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Vehicle identification numbers (VINs) are ID numbers that track the life of a motor vehicle or ATV, including whether the vehicle has any loans – also called liens – attached to it. Research using a VIN can also reveal accidents, tickets and repair work.
Lien holders place liens on vehicles and ATVs usually to secure a loan for the vehicle itself. However, sometimes liens are placed on vehicles when an owner has not paid taxes on the vehicle. If you need to find out if an ATV has any liens on it, all you need is a VIN.
Get your papers together
Collect all the information you have about the ATV. If the ATV is yours, you need to collect all ownership documents, including a purchase and sale agreement and loan agreement (if applicable). Of course, make sure you have the accurate VIN. This identity number will contain both numbers and letters.
The VIN's location on an ATV depends on the vehicle's manufacturer, but usually you can find it on the left side of the frame, under the shifter. It's a 17-digit number, where each character represents a part of the ATV's history: where it was built; who the manufacturer is; its brand, engine size and type; its manufacturer authorization; its model year; which plant assembled the ATV; and the vehicle's unique serial number.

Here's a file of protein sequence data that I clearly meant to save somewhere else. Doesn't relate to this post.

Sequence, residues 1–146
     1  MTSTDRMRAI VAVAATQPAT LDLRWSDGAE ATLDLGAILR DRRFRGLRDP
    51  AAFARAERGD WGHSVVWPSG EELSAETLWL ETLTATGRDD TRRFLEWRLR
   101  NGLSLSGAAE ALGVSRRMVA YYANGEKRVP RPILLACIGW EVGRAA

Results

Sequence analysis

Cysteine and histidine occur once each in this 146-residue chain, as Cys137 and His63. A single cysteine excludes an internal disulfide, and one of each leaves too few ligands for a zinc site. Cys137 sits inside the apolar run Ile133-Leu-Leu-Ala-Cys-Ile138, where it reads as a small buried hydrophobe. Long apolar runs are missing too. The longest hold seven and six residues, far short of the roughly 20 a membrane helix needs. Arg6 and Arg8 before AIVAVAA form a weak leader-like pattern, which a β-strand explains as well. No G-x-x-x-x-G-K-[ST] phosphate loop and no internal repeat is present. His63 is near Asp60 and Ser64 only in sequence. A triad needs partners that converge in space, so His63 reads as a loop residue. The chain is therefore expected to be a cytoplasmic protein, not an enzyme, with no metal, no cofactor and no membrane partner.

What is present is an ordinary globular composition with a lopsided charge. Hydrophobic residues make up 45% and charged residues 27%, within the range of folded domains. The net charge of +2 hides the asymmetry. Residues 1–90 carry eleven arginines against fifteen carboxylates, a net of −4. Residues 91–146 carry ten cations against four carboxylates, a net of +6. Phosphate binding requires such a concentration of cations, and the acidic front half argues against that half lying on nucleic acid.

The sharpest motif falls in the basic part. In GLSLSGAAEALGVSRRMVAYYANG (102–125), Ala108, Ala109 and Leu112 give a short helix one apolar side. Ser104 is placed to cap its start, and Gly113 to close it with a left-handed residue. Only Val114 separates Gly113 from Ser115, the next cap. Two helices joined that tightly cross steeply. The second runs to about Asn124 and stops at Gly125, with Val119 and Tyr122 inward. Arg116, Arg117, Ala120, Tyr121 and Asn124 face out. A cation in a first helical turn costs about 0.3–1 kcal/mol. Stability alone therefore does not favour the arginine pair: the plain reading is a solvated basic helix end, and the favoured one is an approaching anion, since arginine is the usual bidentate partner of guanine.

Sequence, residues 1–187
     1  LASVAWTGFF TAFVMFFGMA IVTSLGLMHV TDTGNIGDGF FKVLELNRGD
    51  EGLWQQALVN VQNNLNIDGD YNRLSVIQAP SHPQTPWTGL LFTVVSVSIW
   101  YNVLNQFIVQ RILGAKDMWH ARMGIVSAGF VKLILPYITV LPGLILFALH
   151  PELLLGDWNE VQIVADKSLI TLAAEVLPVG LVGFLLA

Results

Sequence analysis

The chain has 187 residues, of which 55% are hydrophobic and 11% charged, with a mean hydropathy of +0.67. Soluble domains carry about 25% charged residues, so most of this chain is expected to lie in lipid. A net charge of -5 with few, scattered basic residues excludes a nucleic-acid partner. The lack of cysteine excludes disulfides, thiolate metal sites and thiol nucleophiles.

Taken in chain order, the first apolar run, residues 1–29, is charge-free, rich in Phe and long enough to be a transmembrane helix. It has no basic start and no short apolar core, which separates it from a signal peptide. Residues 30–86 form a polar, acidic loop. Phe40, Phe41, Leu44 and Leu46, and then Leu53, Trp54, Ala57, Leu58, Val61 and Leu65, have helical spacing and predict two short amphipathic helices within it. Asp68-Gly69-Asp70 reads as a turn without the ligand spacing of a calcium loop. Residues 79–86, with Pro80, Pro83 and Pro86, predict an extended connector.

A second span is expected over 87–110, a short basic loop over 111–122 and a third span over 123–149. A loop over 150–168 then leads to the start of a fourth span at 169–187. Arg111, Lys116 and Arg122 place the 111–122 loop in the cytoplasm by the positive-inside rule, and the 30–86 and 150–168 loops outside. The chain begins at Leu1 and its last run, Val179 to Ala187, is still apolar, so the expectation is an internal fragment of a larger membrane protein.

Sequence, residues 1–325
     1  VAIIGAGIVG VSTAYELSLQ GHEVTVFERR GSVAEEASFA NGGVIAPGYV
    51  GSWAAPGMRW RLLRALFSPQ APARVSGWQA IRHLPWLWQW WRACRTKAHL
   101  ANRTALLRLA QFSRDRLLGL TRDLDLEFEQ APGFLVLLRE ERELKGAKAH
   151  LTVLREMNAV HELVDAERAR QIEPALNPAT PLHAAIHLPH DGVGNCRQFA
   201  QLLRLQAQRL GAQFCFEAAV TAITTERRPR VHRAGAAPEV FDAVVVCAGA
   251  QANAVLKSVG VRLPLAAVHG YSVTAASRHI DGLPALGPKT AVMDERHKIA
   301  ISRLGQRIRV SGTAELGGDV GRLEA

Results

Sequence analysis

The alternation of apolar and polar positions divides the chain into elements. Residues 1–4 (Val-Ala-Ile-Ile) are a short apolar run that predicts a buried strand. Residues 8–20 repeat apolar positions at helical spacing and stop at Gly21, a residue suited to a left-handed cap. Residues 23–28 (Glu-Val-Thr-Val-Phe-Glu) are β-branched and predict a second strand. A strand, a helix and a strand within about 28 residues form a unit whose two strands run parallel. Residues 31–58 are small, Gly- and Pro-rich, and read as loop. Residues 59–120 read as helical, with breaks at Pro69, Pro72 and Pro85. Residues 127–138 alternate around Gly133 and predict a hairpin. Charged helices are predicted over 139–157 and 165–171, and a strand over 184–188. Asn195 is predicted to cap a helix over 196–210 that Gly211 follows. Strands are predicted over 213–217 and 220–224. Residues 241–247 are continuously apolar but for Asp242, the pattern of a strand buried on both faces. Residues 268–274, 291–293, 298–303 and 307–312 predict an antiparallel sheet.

Visit the DMV
Before making the trip to the DMV, contact the owner of the ATV, if you do not own the vehicle. You will need to get the owner's or borrower's consent to check the ATV title at the DMV. These documents are not a matter of public records, like property liens. It's best to have the owner come with you to the DMV.
Now, visit your local DMV office. Make sure you have copies of a signed authorization to review personal ownership information, if the owner cannot come with you. If you own the vehicle, make sure you have copies of all of your ownership documents.
Speak with a DMV representative. Give her the documents related to the ATV, included the VIN.
Do your homework
The DMV representative should be able to pull up the ATV's history records fairly quickly. You and the ATV's owner can both ask about outstanding liens on the vehicle and get a copy of the title report for the ATV.
This should reveal whether there's a lien on the ATV. If there is one and it's not valid, contact the lien holder. You will need a lien discharge for the DMV to remove this lien.
Items you will need
Proof of identity (photo ID)
Based in Eugene, Ore., Duncan Jenkins has been writing finance-related articles since 2008. His specialties include personal finance advice, mortgage/equity loans and credit management. Jenkins obtained his bachelor's degree in English from Clark University.